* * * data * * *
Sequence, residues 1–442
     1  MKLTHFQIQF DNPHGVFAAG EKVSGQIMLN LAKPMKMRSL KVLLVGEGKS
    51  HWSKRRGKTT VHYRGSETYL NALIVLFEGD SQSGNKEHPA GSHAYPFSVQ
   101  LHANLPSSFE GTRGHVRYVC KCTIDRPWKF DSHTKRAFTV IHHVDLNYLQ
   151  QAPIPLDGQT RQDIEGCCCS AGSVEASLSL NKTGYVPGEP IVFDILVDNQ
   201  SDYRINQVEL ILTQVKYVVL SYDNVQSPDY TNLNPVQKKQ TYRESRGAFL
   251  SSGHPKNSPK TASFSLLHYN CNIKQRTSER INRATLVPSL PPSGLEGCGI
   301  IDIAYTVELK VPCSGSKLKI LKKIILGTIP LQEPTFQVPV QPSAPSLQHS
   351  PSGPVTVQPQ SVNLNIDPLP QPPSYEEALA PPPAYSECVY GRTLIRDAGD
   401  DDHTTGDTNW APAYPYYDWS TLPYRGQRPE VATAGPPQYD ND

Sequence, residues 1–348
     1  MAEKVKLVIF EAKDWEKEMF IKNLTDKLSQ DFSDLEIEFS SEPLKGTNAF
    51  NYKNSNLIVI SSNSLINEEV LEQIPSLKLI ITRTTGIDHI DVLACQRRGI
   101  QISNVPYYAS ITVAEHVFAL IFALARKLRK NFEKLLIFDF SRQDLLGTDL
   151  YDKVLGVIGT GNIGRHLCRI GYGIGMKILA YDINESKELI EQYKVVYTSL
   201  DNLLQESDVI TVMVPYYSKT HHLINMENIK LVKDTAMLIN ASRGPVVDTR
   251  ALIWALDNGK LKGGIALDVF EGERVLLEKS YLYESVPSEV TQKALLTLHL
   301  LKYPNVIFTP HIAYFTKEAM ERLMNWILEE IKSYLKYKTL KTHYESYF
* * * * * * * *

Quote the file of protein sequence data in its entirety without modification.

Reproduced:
Sequence, residues 1–442
     1  MKLTHFQIQF DNPHGVFAAG EKVSGQIMLN LAKPMKMRSL KVLLVGEGKS
    51  HWSKRRGKTT VHYRGSETYL NALIVLFEGD SQSGNKEHPA GSHAYPFSVQ
   101  LHANLPSSFE GTRGHVRYVC KCTIDRPWKF DSHTKRAFTV IHHVDLNYLQ
   151  QAPIPLDGQT RQDIEGCCCS AGSVEASLSL NKTGYVPGEP IVFDILVDNQ
   201  SDYRINQVEL ILTQVKYVVL SYDNVQSPDY TNLNPVQKKQ TYRESRGAFL
   251  SSGHPKNSPK TASFSLLHYN CNIKQRTSER INRATLVPSL PPSGLEGCGI
   301  IDIAYTVELK VPCSGSKLKI LKKIILGTIP LQEPTFQVPV QPSAPSLQHS
   351  PSGPVTVQPQ SVNLNIDPLP QPPSYEEALA PPPAYSECVY GRTLIRDAGD
   401  DDHTTGDTNW APAYPYYDWS TLPYRGQRPE VATAGPPQYD ND

Sequence, residues 1–348
     1  MAEKVKLVIF EAKDWEKEMF IKNLTDKLSQ DFSDLEIEFS SEPLKGTNAF
    51  NYKNSNLIVI SSNSLINEEV LEQIPSLKLI ITRTTGIDHI DVLACQRRGI
   101  QISNVPYYAS ITVAEHVFAL IFALARKLRK NFEKLLIFDF SRQDLLGTDL
   151  YDKVLGVIGT GNIGRHLCRI GYGIGMKILA YDINESKELI EQYKVVYTSL
   201  DNLLQESDVI TVMVPYYSKT HHLINMENIK LVKDTAMLIN ASRGPVVDTR
   251  ALIWALDNGK LKGGIALDVF EGERVLLEKS YLYESVPSEV TQKALLTLHL
   301  LKYPNVIFTP HIAYFTKEAM ERLMNWILEE IKSYLKYKTL KTHYESYF